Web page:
In one 2005 study obese subjects were randomly served one of two breakfasts each morning over two weeks. One breakfast was eggs, and the other was bagel-based, and both had equal calories. At the end of two weeks researchers concluded that the egg-breakfast “induced greater satiety and significantly reduced short-term food intake.”
A 2013 study showed that an egg-based breakfast resulted in participants consuming 270-470 fewer calories at a buffet lunch and dinner that same day.
And there is no research suggesting that eating eggs can lead to weight gain.
Are There Drawbacks to Scrambled Eggs?
Though eggs are healthy, as with most foods, cooking eggs can reduce some nutrients. This is especially true if they’re cooked for long periods of time, or at high heat.
One study found that baking eggs for 40 minutes can reduce their vitamin D by up to 61%. But when fried or boiled for shorter times, they only lose up to 18%.
Another study looking at the effects of cooking eggs, showed that it reduced the vitamin A by 17-20%.
Studies have also shown that cooking eggs may also reduce their antioxidant levels by 6–18%.
But cooking eggs isn’t all bad. It makes the protein far more digestible and available for use in the body. .
One study comparing raw and cooked eggs found that the body can use 91% of the protein in cooked eggs, but only 51% in raw eggs.
The takeaway is that shorter cooking times are best. But even though cooking reduces some nutrients, eggs are still a great source of nutrition.
High-heat Cooking and Cholesterol Oxidation
As mentioned above, eggs are high in cholesterol. Though there are no longer upper limits on recommended daily allowance (RDA) of cholesterol, the cholesterol in eggs may pose a problem if it becomes oxidized from high heat cooking.
When the cholesterol in eggs is oxidized it can form compounds called oxysterols. Oxysterols in the blood are linked to increased heart disease risks.
It’s worth noting that the eggs pose a minor source of oxidized cholesterol. Most of the oxysterols in our diet come from fried foods, like fried chicken and french fries. Furthermore, the cholesterol that’s oxidized in the body–from eating processed foods and added sugars–is likely more dangerous than the oxidized cholesterol you eat.
The most important point to consider with regards to oxidized cholesterol in eggs is that for healthy people NO studies link consuming eggs with an increased risk of heart disease.
The Healthiest Way to Scramble Eggs?
Though scrambling eggs may oxidize some of the cholesterol in the yolk, there are ways to make your scrambled eggs healthier.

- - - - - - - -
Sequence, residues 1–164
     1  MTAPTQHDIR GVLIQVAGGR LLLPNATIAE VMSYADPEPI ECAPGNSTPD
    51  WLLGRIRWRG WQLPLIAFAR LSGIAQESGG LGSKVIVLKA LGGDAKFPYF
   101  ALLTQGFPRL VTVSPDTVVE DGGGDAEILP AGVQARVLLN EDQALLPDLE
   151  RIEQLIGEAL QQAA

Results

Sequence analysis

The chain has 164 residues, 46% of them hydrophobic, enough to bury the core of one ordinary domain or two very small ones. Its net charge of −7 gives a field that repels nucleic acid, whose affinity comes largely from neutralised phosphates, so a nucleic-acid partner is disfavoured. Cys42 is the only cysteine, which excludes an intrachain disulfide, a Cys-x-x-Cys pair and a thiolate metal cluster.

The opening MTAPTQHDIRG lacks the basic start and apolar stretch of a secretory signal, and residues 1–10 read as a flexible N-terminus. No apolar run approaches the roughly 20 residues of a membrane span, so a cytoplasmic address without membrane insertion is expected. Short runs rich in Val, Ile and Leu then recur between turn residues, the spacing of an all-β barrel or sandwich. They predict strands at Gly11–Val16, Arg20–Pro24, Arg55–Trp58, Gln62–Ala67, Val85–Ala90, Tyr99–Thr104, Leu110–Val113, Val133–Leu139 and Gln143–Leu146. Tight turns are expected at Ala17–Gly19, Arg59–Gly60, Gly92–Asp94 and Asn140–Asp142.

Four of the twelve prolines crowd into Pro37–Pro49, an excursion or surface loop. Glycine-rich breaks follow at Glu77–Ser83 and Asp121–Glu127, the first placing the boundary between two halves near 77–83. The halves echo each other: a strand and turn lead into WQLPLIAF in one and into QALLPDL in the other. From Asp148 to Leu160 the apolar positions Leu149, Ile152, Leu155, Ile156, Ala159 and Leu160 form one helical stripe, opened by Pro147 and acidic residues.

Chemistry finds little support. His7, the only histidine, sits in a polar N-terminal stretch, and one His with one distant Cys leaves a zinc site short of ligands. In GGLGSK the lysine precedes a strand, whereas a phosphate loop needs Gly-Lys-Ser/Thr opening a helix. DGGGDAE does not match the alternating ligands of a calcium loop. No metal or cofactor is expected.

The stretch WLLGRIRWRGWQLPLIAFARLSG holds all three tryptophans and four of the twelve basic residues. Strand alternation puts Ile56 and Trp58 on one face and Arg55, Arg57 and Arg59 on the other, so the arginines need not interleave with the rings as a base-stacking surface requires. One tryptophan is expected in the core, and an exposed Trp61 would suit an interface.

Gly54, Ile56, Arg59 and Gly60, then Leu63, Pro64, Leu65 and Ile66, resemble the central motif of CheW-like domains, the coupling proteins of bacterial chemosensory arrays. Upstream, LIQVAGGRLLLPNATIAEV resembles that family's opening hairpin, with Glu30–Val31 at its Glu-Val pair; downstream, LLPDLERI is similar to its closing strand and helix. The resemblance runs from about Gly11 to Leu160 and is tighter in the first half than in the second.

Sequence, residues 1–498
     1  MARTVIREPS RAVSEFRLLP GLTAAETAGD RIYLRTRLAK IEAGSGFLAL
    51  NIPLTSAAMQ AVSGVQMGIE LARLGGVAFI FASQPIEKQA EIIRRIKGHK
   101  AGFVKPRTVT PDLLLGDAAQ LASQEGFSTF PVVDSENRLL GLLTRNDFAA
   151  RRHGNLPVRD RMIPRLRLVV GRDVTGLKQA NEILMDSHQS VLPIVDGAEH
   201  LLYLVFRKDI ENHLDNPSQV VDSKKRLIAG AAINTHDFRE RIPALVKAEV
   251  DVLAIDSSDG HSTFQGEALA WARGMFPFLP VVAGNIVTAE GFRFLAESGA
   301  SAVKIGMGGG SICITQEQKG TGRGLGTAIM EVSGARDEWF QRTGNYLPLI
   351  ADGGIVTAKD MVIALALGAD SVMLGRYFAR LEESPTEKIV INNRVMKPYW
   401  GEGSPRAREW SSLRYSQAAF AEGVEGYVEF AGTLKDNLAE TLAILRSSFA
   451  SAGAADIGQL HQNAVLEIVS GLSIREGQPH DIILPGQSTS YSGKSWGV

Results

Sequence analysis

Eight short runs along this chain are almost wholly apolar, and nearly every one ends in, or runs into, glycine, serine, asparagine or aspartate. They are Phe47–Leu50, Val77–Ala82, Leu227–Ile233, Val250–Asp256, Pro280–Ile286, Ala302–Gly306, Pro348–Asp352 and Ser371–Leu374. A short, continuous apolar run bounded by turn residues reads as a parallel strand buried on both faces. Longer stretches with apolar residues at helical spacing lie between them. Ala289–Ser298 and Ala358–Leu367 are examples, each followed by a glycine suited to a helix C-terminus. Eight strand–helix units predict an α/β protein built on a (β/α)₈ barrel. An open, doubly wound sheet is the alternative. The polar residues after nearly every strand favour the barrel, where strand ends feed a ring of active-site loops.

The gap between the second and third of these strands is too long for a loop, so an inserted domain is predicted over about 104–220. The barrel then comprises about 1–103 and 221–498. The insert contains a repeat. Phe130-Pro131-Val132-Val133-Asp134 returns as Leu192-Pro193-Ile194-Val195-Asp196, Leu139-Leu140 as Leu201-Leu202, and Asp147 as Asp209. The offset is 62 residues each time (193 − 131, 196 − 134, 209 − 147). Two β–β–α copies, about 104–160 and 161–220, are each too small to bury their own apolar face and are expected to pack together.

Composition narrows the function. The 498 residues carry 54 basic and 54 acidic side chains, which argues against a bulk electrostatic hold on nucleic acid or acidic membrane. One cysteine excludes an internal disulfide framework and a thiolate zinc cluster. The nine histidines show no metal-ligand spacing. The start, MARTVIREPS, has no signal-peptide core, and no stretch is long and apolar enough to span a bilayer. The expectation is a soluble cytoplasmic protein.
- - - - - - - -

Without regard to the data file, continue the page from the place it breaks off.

The first step is to start with the healthiest eggs.
Pastured Eggs vs. Conventional
Not all eggs are created equal. Pasture-raised eggs where the hens are allowed to roam around outdoors in the sunshine have higher vitamin D.
(For an in-depth guide to understanding egg labels and buying the best eggs, click here.)
In 2007, Mother Earth News surveyed 14 flocks of truly pasture-raised egg producers. Compared to the USDA caged eggs. The survey found pasture-raised eggs contained:
- 1/3 less cholesterol
- 2/3 more vitamin A
- 2 times more omega-3 fatty acids
- 3 times more vitamin E
- 7 times more beta carotene
|Values per 100 grams||Vitamin E||Vitamin A||Beta Carotene||Omega-3s||Cholesterol|
|Eggs from Caged Birds||.97mg||487IU||10mcg||.22g||423mg|
Omega-3 enriched eggs have 39% less arachidonic acid than conventional eggs. This is an inflammatory omega-6 fatty acid that most people eating a Standard American Diet, have far too much of. They also have 500% more omega-3 than both conventional and organic eggs.
Don’t Overcook Scrambled Eggs
High heat for longer periods can both reduce the nutrients and oxidize the cholesterol in eggs.
The best way to scramble eggs is to cook them for a short amount of time over medium heat. The good thing about scrambled eggs is that they’re the fastest way to cook eggs, meaning they’re subjected to less heat than other methods.
Use a Heat-Stable Cooking Oil
Stay away from vegetable and seed oils high in PUFAs that can oxidize easily when heated.
For rich, satiating, and healthy scrambled eggs choose heat-stable whole animal fats like tallow, lard, ghee, and butter.
Are there Healthier Ways to Prepare Eggs?
If you’re concerned about reducing oxidized cholesterol and getting the maximum nutrients, poaching eggs may be the healthiest way to prepare them.
Poaching eggs is relatively cool and quick while keeping the yolks intact.
To poach eggs simply simmer water between 160–180°F (71–82°C), crack your eggs in and cook for 2–3 minutes.
Are Scrambled Eggs Good for You? The Takeaway
Scrambled eggs are very good for you. In fact, eggs, whether scrambled or otherwise are one of the most nutrient-rich foods on the planet.
After decades of misinformation, we now know that for healthy people, eggs have no negative effects on heart health, and may actually improve cholesterol levels.
But remember, cooking your eggs for the shortest time with the lowest heat will retain the most nutrients while resulting in the least amount of cholesterol oxidation.
Choose pasture-raised eggs when available, and always use a heat-stable cooking oil like tallow and ghee loaded with healthy saturated fats.